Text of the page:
Jimmy NsubugaWed, 24 March 2021, 7:51 pm
Appearing before the Commons Liaison Committee on Wednesday, the Prime Minister said the “basic concept of a vaccine certification should not be totally alien to us”.
He cited how surgeons were required to have a Hepatitis B shot to work.
Asked whether ordinary people going to the pub might need a coronavirus jab, Johnson said: “I think that that’s the kind of thing that may be up to individual publicans, it may be up to the landlord.”
Watch: Boris Johnson says pub landlords could demand COVID certificatesScroll back up to restore default view.
The PM told the committee the public had been “thinking very deeply” about such issues, adding: “My impression is that there is a huge wisdom in the public’s feeling about this.
“People, human beings, instinctively recognise when something is dangerous and nasty to them, and they can see that COVID is collectively a threat and they want us as their government, and me as the Prime Minister to take all the actions I can to protect them.”
Last month when he outlined England’s “roadmap” out of the coronavirus lockdown, Johnson ruled out any government-led vaccine passport scheme.
“What I don’t think we will have in this country is, as it were, vaccination passports to allow you to go to the pub, or something like that,” he said in February.
However, ministers have said some certification might be needed for international travel while considering whether care home staff required shots.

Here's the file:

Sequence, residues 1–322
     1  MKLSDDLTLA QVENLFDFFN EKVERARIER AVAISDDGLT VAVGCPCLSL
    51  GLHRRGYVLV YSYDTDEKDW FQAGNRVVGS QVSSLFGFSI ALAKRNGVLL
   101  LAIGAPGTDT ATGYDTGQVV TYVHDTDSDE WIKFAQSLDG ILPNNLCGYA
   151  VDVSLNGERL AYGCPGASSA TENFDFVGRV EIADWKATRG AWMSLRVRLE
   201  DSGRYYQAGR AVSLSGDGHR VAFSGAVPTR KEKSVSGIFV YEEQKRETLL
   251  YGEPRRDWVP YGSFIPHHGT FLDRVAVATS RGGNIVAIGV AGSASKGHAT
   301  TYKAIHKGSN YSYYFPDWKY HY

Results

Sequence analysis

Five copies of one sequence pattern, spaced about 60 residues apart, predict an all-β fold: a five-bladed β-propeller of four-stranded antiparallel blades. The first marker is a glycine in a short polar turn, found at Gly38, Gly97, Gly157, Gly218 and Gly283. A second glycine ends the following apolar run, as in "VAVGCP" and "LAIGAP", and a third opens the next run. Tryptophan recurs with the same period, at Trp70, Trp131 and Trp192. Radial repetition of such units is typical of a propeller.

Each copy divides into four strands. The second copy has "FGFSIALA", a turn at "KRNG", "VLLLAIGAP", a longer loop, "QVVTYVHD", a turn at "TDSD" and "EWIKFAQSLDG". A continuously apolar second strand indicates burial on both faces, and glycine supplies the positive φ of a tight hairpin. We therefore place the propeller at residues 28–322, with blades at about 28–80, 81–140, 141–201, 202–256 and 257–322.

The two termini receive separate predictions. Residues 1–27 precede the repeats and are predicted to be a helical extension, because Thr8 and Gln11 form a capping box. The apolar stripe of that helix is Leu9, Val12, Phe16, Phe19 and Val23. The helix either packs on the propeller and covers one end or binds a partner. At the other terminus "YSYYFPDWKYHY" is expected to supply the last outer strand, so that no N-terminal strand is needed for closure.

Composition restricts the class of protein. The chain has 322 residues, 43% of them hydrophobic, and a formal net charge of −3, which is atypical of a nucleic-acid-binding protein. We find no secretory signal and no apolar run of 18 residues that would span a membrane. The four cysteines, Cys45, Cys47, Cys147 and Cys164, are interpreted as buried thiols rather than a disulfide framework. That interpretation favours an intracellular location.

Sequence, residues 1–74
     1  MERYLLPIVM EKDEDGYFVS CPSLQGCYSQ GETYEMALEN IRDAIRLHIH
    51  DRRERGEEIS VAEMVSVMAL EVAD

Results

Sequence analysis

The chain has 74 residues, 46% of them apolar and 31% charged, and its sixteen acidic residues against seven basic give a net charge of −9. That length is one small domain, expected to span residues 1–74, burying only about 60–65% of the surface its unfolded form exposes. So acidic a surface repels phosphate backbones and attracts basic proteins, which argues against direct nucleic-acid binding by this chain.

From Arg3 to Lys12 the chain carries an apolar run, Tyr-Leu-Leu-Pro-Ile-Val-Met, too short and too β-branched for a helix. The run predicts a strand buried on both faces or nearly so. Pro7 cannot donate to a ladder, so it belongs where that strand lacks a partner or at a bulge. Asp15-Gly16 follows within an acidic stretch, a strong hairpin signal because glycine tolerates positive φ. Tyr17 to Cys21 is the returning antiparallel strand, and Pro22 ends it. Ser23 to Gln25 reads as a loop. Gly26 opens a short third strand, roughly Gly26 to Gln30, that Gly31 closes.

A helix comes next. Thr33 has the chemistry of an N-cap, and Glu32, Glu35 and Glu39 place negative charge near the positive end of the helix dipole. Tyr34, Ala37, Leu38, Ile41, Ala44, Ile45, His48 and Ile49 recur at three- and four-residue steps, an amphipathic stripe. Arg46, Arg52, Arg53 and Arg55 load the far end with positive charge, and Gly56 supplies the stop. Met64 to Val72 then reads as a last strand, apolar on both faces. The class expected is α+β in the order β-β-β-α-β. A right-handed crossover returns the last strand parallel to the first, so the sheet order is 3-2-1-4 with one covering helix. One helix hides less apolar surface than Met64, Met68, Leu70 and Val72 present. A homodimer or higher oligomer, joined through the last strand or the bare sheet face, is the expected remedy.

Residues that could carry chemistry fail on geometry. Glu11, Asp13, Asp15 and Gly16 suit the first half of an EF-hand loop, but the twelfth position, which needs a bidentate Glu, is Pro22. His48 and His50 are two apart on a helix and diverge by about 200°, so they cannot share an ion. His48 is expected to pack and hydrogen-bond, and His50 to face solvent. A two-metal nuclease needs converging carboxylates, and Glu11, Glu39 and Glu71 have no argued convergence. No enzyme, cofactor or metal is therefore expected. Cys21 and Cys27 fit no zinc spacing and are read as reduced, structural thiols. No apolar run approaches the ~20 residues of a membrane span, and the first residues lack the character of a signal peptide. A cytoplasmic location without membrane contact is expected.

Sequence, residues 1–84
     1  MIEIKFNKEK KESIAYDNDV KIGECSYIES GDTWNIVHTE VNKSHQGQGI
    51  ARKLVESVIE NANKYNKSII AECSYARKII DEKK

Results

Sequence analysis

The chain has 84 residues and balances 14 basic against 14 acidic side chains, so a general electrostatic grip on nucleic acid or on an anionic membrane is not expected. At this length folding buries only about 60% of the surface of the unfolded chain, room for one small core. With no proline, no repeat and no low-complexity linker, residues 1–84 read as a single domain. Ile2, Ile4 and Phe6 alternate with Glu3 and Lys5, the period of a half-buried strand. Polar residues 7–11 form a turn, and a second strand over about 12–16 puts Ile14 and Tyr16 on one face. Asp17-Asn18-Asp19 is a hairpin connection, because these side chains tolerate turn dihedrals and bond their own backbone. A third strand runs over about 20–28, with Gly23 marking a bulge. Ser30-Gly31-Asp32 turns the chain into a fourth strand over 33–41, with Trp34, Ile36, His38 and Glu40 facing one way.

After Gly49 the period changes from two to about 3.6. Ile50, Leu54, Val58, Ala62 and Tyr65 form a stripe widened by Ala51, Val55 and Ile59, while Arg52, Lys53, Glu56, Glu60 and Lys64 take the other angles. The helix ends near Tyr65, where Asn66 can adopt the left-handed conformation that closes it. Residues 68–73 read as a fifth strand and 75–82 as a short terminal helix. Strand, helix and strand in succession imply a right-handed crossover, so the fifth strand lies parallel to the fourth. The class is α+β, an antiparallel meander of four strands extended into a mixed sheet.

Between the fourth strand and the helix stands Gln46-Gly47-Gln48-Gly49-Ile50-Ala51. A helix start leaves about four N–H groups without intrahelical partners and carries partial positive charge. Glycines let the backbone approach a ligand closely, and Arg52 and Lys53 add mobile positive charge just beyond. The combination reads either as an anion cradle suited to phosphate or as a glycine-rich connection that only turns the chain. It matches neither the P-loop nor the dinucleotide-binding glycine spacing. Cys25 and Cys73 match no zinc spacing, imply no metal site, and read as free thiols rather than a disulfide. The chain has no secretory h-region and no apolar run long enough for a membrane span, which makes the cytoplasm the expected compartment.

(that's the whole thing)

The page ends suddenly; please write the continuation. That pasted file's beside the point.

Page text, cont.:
The PM has mandated senior minister Michael Gove to review the role that vaccine certification can have in society, including reopening hospitality venues, saying there were deep and complex ethical issues to explore.
The PM also said it is “wholly responsible” for care home companies to consider mandatory vaccinations for staff.
The chief executive of independent care provider Barchester Healthcare Pete Calveley said just 0.1% of potential recruits had declined a job offer since the company imposed its mandatory vaccination policy in mid-January.
He said he hoped the government would make vaccination mandatory for healthcare staff, describing it as a “professional duty”.
When asked about the resumption of international travel, Johnson admitted it was “looking difficult”.
He said: “On April 5, we’ll get the findings of the global travel taskforce and I’ll be setting out what I think may be possible from May 17.
“Things are looking difficult on the continent and we’ll have to look at the situation as it develops.”
Almost 29 million people have received their first vaccine dose in Britain already in the fastest rollout in Europe, and there have been calls to open up the economy faster because of the success of the vaccination programme.
If targets are met, pubs could reopen outside areas on 12 April, and they will then be allowed to welcome guests inside on 17 May before everything opens up fully on 21 June.